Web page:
“The same people, sharing the same space, telling the same story.”
There is a wonderfully simple theatre game (many people know it) called “Count to 10”. All of the participants stand in a circle with their eyes closed and count to 10. Simple enough, but the catch is that only one voice can say one number at a time.
In playing this game the group of individuals must come together to count to 10. It isn’t about “me” saying “my number” when “I” want to, it’s about working together to achieve the goal. It seems to me that the information that comes from playing this “theatre game” has a huge relevance to theatre but never has a chance to practically be applied. So, what is the knowledge that we can gain from this simple game?
Well, first and foremost this game puts us all on the same page; working together to achieve a unified goal. It goes beyond the single part and asks us to give over to the game, to listen to the group and trust that we can achieve the goal if we work together. The role of the actor is to search beyond “this is what I do”, that performance work is not about “the part that I play” but about what we achieve when we create and play together. It is something bigger then us, and goes beyond what “I” can accomplish as an individual.
But, there is one massive disconnect in the application of this principal to our theatre world – too many times we are in shows where we’re not all on the same page, truly knowing what the task is, and what game we are playing.
So then I look to my director.
To put trust in the director who is guiding you means you give over to the work. I will happily and quite delightfully count to 10 but what is our task in this scene? In this play? What is the game? What are playing at, and what do we hope to achieve, not only for us as the players, but also for the audience who are participating as witnesses to this game, to this story?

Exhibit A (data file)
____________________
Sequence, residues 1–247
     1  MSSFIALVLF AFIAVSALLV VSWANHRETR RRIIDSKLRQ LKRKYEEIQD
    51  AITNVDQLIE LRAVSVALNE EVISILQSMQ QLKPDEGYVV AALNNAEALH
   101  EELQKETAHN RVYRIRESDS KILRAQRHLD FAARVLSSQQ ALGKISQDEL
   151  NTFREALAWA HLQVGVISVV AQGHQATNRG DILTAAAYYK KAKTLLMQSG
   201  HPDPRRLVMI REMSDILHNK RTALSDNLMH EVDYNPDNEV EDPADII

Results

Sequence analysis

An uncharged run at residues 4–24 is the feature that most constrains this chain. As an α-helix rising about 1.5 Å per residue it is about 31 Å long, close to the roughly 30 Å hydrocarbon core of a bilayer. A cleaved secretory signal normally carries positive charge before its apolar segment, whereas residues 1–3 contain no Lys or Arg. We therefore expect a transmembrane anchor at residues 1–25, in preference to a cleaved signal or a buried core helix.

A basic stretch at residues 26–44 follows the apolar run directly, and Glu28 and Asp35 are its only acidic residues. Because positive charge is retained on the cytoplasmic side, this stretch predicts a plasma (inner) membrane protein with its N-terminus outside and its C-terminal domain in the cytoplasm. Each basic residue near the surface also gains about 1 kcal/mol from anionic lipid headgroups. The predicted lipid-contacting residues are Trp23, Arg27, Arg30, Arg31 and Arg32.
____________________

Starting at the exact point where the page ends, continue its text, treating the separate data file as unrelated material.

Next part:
It might be that we don’t have enough time in rehearsals. It might be that we lack the awareness to let go of our individual work in order to give over to the whole, but if we are all playing a different game, if we are all only telling our part of the story then the audience is scrambling to put the pieces together, or they disengage because they have no reason to participate.
But they want to! They have bought tickets, paid money, to sit in a dark room and be completely desensitized; they are in the most powerful place of being ready to receive all of the information we choose to give to them. So we must choose to give them the best possible experience we can. As actors and as directors and designers and technicians, it’s not enough to just say my number when I feel like it. It’s not enough to ignore the massive responsibility we have to do everything we can to come together. But, as individuals we must be brought together. We need to know the game, either collectively or through leadership.
A conductor conducts the symphony to lift the music off the page, but all the musicians have agreed that they will follow the baton. If the conductor says: “That note is out of tune”, or “I need the sound to be warmer” then I must tune my instrument, I must play warmer. I can’t say – “Sorry, I don’t tune that way”, or “I don’t do warm” because then I have basically said: “I don’t play this game”, so then – why are we playing? Is it only for ourselves? Are we only worried about the sound we make? Is there such a lack of trust in our own abilities, or the director, or the group, that the game (or the music) becomes too frightening to play?
But what if we give over to the work? What if our collective goal is to count to 10? What if we understand and trust that the actors, directors, designers, and technicians are all in the circle counting to 10 as well? Because the awesome sensation that ripples through the group when 10 is achieved is palpable and everyone reacts to it. We cheer, we celebrate, we are relieved and it becomes the best story ever!
Working hard to achieve something that is beyond our individual part can be the best story ever – if we can find the strength to let the game live and allow something as simple as the number 10 to become a living thing, and most importantly that we are able to trust that we will all count together
Also, this is an article written by Hugo Dann for Wayves Magazine, which prompted a lot of discussion about theatre and the role of theatre. It is a reaction to a production of Dr.Faustus recently produced in Halifax. It is an interesting perspective, and worth a read.